Harley-Davidson. The company considers 1903 to be its year of founding, though the Harley-Davidson enterprise could be considered to have started in 1901 when William S. Harley, age 21, drew up plans for a small engine that displaced 7.07 cubic inches (116 cc) and had four-inch flywheels. The engine was designed for use in a regular pedal-bicycle frame.
Over the next two years Harley and his boyhood friend Arthur Davidson labored on their motor-bicycle using the northside machine shop of their friend Henry Melk. It was finished in 1903 with the help of Arthur's brother, Walter Davidson. Upon completion the boys found their power-cycle unable to conquer Milwaukee's modest hills without pedal assistance. Will Harley and the Davidsons quickly wrote off their first motor-bicycle as a valuable learning experiment.
Work was immediately begun on a new and improved machine. This first "real" Harley-Davidson motorcycle had a bigger engine of 24.74 cubic inches (405 cc) with 9-3/4 inch flywheels weighing 28 pounds. The machine's advanced loop-frame was similar to the 1903 Milwaukee Merkel motorcycle. They also got help with their new engine from outboard motor pioneer Ole Evinrude. Elder brother William A. Davidson also lent a hand.
The prototype of the new improved loop-frame model was assembled in a 10 by 15-foot (3 by 5 meter) shed in the Davidson family backyard. The machine was functional by 8 September 1904 when it was entered in a Milwaukee motorcycle race, the first known appearance of a Harley-Davidson motorcycle.
In January 1905 small advertisements were placed in the "Automobile and Cycle Trade Journal" that offered bare Harley-Davidson engines to the do-it-yourself trade. By April, complete motorcycles were in production on a very limited basis. In 1905 no more than a dozen machines were built in the backyard shed. Some years later the original shed was taken to the Juneau Avenue factory where it would stand for many decades as a tribute to the Motor Company's humble origins. Unfortunately, the first shed was accidentally destroyed by contractors in the early 1970s during a clean-up of the factory yard.
Harley Davidson, on the eve World War II, was already supplying the Army with a military-specific version of its 45" WLD line, called the WLA. (The A in this case stood for "Army".) Upon the outbreak of war, the company, along with other manufacturing enterprises, shifted to war work. Over 90,000 military motorcycles, mostly WLAs and WLCs (the Canadian version) would be produced, many to be provided to allies. Shipments to the Soviet Union under the Lend-Lease program numbered at least 30,000. The WLAs produced during all years of war production would, unusually, have 1942 serial numbers. Production of the WLA stopped at the end of the war, though it would resume production from 1949 to 1952 due to the Korean War.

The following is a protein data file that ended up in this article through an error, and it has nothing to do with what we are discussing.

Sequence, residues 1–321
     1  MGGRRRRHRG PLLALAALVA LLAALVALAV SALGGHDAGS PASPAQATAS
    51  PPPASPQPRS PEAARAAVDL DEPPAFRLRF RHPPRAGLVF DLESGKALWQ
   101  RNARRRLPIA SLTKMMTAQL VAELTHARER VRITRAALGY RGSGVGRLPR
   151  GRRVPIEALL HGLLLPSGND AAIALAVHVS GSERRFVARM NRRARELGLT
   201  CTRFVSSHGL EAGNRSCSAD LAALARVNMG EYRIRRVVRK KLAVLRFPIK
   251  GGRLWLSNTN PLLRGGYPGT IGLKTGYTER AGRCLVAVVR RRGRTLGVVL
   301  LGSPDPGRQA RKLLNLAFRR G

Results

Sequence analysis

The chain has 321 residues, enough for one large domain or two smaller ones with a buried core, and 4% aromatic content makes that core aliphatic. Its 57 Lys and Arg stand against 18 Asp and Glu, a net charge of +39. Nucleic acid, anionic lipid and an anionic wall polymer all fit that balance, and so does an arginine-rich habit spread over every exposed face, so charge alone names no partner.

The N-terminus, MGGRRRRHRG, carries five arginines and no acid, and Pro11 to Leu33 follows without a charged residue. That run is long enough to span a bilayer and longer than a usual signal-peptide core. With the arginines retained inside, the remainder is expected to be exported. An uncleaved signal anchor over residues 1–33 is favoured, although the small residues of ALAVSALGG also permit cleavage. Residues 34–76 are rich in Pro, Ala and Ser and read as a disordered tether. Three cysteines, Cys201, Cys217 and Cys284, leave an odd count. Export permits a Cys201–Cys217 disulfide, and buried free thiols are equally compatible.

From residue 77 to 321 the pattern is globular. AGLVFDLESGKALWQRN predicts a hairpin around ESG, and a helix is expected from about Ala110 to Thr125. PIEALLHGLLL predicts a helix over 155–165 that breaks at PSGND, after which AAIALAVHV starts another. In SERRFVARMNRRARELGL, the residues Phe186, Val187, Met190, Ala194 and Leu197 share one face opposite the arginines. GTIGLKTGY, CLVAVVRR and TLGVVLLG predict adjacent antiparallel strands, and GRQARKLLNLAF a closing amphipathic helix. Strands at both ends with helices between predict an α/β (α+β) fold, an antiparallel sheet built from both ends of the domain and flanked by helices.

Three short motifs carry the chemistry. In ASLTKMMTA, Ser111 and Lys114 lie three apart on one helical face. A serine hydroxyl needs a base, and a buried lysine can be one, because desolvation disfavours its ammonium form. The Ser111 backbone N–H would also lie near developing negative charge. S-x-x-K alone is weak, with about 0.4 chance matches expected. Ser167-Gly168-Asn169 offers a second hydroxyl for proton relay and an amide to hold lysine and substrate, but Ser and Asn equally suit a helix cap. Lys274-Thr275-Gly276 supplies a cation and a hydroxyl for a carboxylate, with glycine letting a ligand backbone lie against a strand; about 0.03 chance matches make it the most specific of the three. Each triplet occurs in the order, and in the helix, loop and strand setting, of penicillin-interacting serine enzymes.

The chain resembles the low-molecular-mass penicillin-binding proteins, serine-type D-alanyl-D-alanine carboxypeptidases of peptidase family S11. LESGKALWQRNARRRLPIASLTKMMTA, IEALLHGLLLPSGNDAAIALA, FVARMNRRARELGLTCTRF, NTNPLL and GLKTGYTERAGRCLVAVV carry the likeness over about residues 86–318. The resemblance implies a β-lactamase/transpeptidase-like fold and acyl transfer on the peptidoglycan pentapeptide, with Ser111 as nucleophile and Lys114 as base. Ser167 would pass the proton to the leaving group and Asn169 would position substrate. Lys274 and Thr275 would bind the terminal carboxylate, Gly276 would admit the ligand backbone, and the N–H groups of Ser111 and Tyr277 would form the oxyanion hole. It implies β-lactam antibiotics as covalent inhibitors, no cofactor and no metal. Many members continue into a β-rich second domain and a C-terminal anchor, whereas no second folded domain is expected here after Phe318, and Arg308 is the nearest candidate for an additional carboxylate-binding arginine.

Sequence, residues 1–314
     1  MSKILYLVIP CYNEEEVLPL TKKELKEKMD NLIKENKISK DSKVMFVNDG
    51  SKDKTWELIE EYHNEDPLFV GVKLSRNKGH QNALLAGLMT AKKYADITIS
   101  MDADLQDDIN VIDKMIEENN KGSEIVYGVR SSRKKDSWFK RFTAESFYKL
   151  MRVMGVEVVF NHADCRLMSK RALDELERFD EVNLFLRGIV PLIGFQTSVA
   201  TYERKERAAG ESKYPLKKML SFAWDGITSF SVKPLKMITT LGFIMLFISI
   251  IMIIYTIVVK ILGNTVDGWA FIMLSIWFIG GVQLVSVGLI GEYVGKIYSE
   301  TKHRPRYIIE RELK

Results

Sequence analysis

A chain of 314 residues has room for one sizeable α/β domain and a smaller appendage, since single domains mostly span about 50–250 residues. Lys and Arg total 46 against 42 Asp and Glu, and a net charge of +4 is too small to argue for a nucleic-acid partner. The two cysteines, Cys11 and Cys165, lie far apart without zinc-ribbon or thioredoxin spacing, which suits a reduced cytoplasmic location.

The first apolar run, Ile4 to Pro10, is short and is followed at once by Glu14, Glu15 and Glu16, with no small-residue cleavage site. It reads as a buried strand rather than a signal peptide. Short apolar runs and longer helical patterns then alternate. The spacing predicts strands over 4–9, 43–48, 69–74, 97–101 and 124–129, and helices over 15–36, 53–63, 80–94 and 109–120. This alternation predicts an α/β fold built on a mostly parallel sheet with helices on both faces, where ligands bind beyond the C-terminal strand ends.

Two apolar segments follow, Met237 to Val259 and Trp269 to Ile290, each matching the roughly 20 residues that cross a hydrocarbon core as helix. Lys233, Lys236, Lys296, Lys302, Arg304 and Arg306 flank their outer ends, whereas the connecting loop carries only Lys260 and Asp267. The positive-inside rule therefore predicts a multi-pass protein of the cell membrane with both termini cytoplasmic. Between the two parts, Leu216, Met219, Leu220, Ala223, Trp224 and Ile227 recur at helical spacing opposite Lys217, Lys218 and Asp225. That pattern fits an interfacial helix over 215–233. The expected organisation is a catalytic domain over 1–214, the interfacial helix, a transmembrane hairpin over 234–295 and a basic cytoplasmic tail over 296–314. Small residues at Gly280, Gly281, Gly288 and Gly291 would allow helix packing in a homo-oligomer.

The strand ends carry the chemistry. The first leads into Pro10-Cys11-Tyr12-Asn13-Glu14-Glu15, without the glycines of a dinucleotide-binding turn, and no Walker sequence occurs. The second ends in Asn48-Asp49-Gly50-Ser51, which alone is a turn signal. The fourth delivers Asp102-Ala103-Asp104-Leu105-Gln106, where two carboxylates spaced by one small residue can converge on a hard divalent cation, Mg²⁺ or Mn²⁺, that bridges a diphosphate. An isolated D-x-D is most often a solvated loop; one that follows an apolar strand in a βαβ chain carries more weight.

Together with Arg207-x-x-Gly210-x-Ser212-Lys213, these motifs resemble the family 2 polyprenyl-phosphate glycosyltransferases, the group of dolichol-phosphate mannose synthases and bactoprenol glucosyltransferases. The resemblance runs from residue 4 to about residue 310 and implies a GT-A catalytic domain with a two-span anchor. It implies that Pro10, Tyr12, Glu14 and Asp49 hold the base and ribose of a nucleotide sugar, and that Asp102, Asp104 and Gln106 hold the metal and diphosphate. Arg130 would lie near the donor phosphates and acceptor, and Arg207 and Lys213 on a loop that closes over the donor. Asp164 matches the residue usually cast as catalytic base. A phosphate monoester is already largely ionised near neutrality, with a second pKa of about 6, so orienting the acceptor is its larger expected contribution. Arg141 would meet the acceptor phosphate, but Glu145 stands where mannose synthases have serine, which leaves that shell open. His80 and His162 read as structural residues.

Modern Harley-branded motorcycles fall into one of five model families: Touring, Softail, Dyna, Sportster and VRSC. Model families are distinguished by the frame, engine, suspension, and other characteristics.
Sportster With the exception of the street-going XR1000 of the 1980s, all Sportsters made for street use have the prefix XL in their model designation. For the Sporster Evolution engines used since the mid 1980s, there have been two sizes of Sportster Evolution engine. Motorcycles with the smaller engine are designated XL883, while those with the larger engine were initially designated XL1100. When the size of the larger engine was increased from 1,100 cc to 1,200 cc, the designation was changed from XL1100 to XL1200. Subsequent letters in the designation refer to model variations within the sportster range, eg. the XL883C refers to an 883 cc Sportster with cruiser or custom styling, while the XL1200S designates the now-discontinued 1200 Sportster Sport.
Dyna models utilize the big-twin engine (F), small-diameter telescopic forks similar to those used on the Sportster (X), and the Dyna chassis (D). Therefore, all Dyna models have designations that begin with FXD, eg. FXDWG (Wide Glide) and FXDL (Low Rider).
Softail Softail models utilize the big-twin engine (F) and the Softail chassis (ST).
Softail models that use small-diameter telescopic forks similar to those used on the Sportster (X) have designations that begin with FXST, eg. FXSTB (Night Train) and FXSTD (Deuce).
Softail models that use large-diameter telescopic forks similar to those used on the touring bikes (L) have designations beginning with FLST, e.g. FLSTF (Fat Boy) and FLSTC (Heritage Softail Classic).
Softail models that use Springer forks with a 21-inch wheel have designations that begin with FXSTS eg. FXSTS (Springer Softail) and FXSTSB (Bad Boy).
Softail models that use Springer forks with a 16-inch wheel have designations that begin with FLSTS eg.FLSTSC (Springer Classic)
Touring models use Big-Twin engines and large-diameter telescopic forks. All Touring designations begin with the letters FL, eg. FLHR (Road King) and FLTR (Road Glide)
VRSC or Revolution designations all begin with the letters VRSC
Harley model designations are a sequence of letters and numbers, combined in limited ways. The sequences can be long, as in the 2006 model designation FLHTCUSE.
The first letter may be one of the following:
E, J, K ('50s small twin), F, U, V (Big Twin), D, G, R, W (Small Twin), X (Sportster), or V (VRSC)
Letters are appended singly or in pairs, as follows:
B (Belt Drive), C (Classic or Custom), D (Dyna Glide), DG (Disk Glide), E (Electric start), F (Fat Boy (1990-present) or Foot-shift (1972 and prior)), H (High compression), L (Hydra Glide forks), LR (Low Rider), P (Police), R (Race or Rubber-mount), S (Sport or Springer), SB (Single belt final drive), ST (Softail), T (Touring), WG (Wide Glide), I (Fuel injection), SE (Screamin? Eagle), U (Ultra)
Custom Vehicle Operations models can also have a number (2,3,4) added.
Note that these conventions for model designations are broken regularly by the company.